Good morning ... I'm not the world's biggest fan of Eminem, but am considering trying to catch him live just to see this incredible sign language interpreter.
The Senate health committee will kick off a series of hearings this week about health care costs, and the House isn’t far behind, now that it has wrapped up its marathon of opioids bills. The focus makes sense — health care costs are one of voters’ top issues in the midterms.
So, does this mean the GOP is moving on from its repeal-and-replace agenda? Not so fast.
Reality check: Rising ACA premiums are a real issue for millions of people, but they’re a tiny fraction of the health care system. Drug prices, rising deductibles and a burgeoning backlash over surprise hospital bills are all animating the cost debate — and none of them are products of the ACA.
The bottom line: Republicans clearly don’t feel that they can say they’re moving on from ACA repeal, and that could complicate any serious effort to address health care costs — an area where bipartisan agreement may not be easy, but is at least not beyond the realm of possibility.
Go deeper: Read the whole story.
Atul Gawande in 2015. Photo: Lisa Lake/Getty Images for Geisinger Health System
Atul Gawande, the newly minted CEO of the health care project from Amazon, Berkshire Hathaway and JPMorgan Chase shared some initial thoughts about the venture at the Aspen Ideas Festival this weekend.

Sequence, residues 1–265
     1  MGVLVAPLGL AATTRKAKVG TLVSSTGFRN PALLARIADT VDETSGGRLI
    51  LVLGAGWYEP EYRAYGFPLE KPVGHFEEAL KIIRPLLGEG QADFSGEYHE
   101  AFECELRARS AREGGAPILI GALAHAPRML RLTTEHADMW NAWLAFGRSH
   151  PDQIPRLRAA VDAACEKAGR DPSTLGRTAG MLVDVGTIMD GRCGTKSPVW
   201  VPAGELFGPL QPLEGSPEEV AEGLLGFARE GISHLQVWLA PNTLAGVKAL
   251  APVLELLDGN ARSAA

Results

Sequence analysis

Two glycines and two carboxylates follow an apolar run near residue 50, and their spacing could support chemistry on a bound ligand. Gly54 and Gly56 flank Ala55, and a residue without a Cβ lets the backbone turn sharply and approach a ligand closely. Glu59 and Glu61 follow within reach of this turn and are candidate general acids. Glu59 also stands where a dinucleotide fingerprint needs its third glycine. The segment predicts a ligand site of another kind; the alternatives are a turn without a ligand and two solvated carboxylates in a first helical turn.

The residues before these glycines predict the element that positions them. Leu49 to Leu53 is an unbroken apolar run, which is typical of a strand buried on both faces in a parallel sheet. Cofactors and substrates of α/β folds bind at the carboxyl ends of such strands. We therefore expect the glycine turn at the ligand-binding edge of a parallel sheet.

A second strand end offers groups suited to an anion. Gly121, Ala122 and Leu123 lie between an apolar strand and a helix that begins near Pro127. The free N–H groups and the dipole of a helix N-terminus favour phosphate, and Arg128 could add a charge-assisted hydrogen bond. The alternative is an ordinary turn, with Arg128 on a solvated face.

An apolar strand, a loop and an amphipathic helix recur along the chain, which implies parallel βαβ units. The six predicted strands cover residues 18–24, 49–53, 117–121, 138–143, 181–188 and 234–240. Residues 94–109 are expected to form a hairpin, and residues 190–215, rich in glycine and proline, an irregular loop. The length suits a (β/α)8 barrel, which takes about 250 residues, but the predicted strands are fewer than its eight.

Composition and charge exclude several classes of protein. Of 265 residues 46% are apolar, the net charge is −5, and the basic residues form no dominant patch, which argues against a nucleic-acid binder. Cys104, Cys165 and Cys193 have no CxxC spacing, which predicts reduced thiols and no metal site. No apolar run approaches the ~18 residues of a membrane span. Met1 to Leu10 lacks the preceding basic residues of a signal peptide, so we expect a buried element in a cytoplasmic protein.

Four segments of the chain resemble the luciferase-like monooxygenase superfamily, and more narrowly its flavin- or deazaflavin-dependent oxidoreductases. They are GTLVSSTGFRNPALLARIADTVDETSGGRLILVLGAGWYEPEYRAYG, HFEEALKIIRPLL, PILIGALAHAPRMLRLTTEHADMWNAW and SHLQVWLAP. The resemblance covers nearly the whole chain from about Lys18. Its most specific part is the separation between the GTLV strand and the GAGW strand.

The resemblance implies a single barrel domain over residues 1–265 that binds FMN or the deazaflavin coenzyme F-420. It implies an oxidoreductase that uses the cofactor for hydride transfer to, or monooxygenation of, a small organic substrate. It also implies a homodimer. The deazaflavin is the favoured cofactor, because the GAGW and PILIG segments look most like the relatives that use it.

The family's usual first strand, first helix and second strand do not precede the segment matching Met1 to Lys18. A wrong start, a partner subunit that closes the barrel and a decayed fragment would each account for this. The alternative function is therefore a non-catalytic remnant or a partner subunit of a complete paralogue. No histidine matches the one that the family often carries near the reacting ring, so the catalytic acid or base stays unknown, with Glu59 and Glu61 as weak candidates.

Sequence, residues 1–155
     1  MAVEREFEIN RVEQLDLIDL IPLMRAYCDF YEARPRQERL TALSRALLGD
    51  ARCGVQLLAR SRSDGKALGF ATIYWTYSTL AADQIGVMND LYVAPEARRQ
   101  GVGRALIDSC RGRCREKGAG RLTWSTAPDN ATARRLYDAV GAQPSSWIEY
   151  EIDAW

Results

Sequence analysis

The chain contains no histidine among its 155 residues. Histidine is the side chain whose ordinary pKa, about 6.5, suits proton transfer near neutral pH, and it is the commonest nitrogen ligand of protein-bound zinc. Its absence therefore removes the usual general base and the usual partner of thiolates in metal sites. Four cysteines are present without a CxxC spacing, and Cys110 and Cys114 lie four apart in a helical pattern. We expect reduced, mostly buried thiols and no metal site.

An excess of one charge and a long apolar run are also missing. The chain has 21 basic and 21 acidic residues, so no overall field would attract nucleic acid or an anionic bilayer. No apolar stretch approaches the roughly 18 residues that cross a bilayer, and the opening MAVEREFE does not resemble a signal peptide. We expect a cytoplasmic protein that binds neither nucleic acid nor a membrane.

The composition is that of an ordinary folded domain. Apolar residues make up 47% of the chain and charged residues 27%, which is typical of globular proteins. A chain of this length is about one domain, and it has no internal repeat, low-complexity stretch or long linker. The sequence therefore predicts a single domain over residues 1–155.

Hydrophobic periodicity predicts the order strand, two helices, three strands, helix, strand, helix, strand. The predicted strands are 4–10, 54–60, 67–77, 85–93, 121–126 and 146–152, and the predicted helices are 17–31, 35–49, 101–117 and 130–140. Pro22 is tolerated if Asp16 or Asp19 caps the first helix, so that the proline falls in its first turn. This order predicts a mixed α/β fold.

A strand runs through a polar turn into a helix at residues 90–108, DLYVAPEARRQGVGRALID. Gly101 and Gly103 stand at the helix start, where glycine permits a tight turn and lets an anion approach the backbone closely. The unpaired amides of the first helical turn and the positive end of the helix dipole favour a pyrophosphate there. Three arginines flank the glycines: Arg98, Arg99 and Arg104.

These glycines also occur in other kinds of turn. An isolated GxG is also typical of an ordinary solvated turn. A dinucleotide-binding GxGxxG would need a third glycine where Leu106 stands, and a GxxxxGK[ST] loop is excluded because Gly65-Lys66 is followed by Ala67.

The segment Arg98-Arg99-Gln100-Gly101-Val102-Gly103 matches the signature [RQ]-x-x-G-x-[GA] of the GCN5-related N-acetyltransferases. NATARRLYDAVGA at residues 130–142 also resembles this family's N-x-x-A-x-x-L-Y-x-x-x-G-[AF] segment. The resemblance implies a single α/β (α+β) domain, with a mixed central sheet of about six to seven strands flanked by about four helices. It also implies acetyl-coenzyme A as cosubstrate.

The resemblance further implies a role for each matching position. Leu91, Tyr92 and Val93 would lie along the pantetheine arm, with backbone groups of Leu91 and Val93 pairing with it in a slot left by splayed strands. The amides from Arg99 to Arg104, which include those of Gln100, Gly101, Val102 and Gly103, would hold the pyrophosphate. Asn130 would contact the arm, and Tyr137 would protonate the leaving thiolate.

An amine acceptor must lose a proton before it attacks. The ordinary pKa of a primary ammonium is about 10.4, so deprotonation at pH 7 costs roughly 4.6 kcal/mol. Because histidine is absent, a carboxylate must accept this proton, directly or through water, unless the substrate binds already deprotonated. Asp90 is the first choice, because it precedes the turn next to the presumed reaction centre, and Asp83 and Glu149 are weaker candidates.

His priorities: "Better outcomes, better satisfaction with care, and better cost efficiency, with new models that can be incubated for all."
The challenges: “What they're saying for me is, resources won't be the problem. Human behavior will be, and achieving scale will be."
The targets: "There are three sources of waste and they each require different work."
🙏🏻: "By the way, we’re going to come up with a name. It’s one of my first jobs."
The big picture:
More: JPMorgan CEO Jamie Dimon tells Fortune how Gawande got the job. ("He’s got a big brain and a big heart.")
If you’re looking for more proof that employers are fed up with high health care prices, Axios' Bob Herman recommends paying attention to what Walmart is doing.
Driving the news: Walmart executives were making the rounds last week at a conference hosted by Premier, a health care software and group purchasing company that is part-owned by hospital systems. Why?
Why it matters: Walmart is one of the biggest names that has frequently used direct contracting — a process in which a company acts as an insurance negotiator by promising to send its employees to a specific hospital for certain procedures in exchange for discounted rates.
The House on Friday passed the vehicle that contains almost 60 standalone bills to address the opioid epidemic.
What's next: The Senate is working through its own process, and several of its committees have been working on their own bills.
Between the lines: The House and Senate packages won't be identical, but reconciling them doesn't seem like it should be very difficult.
What we're watching this week: HHS Secretary Alex Azar testifies Tuesday at a Finance Committee hearing on drug prices. Senate HELP committee hearing Wednesday on health care costs. Senate oversight committee hearing Wednesday on Medicaid fraud and overpayments.
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